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Social Media Etiquette for Business Owners: 25 Do’s & Don’ts

Travis Balinas
August 10, 2022

Looking for the do’s and don’ts of social media for business owners? You’ve come to the right place. The constant evolution of social media can make it difficult to stay on top of etiquette and best practices for those platforms, especially if you’re an infrequent user. Each social media platform has various nuances that act as unwritten usage rules. When you break one of those rules, you run the risk of looking unprofessional and leaving a negative impression on your audience.

When it comes to social media etiquette for business, behavior and what to do or not do, it takes practice to fully understand how these tips apply to your day-to-day behavior. Here are 25 do’s and don’ts when it comes to social media etiquette for business:

1. DO: Complete and update your social pages and profiles.

First impressions are important and lasting. Think of your social media accounts as your digital first impression. Social media accounts that are only partially completed automatically appear less professional. Take a few minutes to thoughtfully fill out all your profile information, including contact information, and upload good quality profile and cover photos.

2. DO: Separate business and personal.

When building a brand, it helps to keep your personal and professional pages separate on social media. By being consistent with the types of content you share via your business profile, your clients know which account to follow. You also avoid spamming friends and family that follow you for personal updates.

For example, a link to your latest blog post should come from your business page and a video of your dog in the backyard should come from your personal page.

3. DO: Think before you share.

What you post becomes a representation of you and your business. Be proud of who you are and what you represent as a business while staying aware of the image you’re crafting as a result of the content you share. Consider factors like who your audience is, what’s expected on that particular platform, and which content makes you look like an expert.

Use this infographic from HootSuite as a guide if you’re unsure your content is a fit.


4. DO: Post regularly.

This boils down to the big question: how often should you engage with your online community? This can vary depending on your business and industry, but a good rule of thumb is at least once or twice a week. Post too sparsely and you’ll miss opportunities for driving brand awareness, but posting too frequently runs the risk of annoying your followers.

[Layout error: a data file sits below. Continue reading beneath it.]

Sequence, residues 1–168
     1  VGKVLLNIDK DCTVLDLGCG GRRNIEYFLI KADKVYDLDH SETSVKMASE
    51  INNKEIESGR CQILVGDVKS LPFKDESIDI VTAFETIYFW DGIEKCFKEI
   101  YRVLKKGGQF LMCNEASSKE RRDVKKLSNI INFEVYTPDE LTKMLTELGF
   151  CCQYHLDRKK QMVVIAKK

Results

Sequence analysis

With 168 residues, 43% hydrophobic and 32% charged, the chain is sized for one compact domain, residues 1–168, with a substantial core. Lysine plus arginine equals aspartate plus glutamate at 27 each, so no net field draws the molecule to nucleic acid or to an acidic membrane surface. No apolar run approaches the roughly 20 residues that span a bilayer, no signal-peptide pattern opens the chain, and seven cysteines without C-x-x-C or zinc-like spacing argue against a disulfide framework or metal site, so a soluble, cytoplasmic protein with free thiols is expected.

OutboundEngine posts about 2-3 times a week on behalf of customers. This keeps fresh content front and center while freeing up our clients’ time. Clients are able to post on their own and are encouraged to do so.

5. DO: Prioritize your networks.

It may be tempting to try every new social media platform that sprouts up, but it’s dangerous to spread yourself too thin. To start, focus on the social networks where you know your customers are. More than likely, that’s Facebook, LinkedIn, and Instagram, and maybe Twitter. Spend more time improving your presence on those platforms and less on experimenting with new ones, unless you’re sure about where your best prospects spend their time. Providing quality content via the big three networks is worth your time and effort, no matter your industry. 

6. DO: Interact with your audience.

Providing helpful content is nice, but it’s not all social media has to offer. Interacting with others is also key.

  • See a question or comment on Twitter that you can answer? Send the person a friendly reply.
  • Looking for recommendations? Ask your Facebook audience.
  • Did someone mention you, tag you, retweet you or share your post? Give them a quick like and a comment!

Build connections online just like you would in person. You don’t have to always be in sales mode; simply having a friendly exchange boosts your legitimacy and gets you exposed to a wider audience, so don’t be afraid to jump in.

7. DON’T: Be needy.

Don’t constantly ask your Twitter followers to “please retweet,” or beg your Facebook friends to “like” your page every week. It’s perfectly acceptable to let your followers on personal accounts know that you have business pages and what they can expect if they follow you. But be strategic. You can still accomplish those tasks, but you’re better off earning them with helpful, shareworthy content.

8. DON’T: Be a spammer.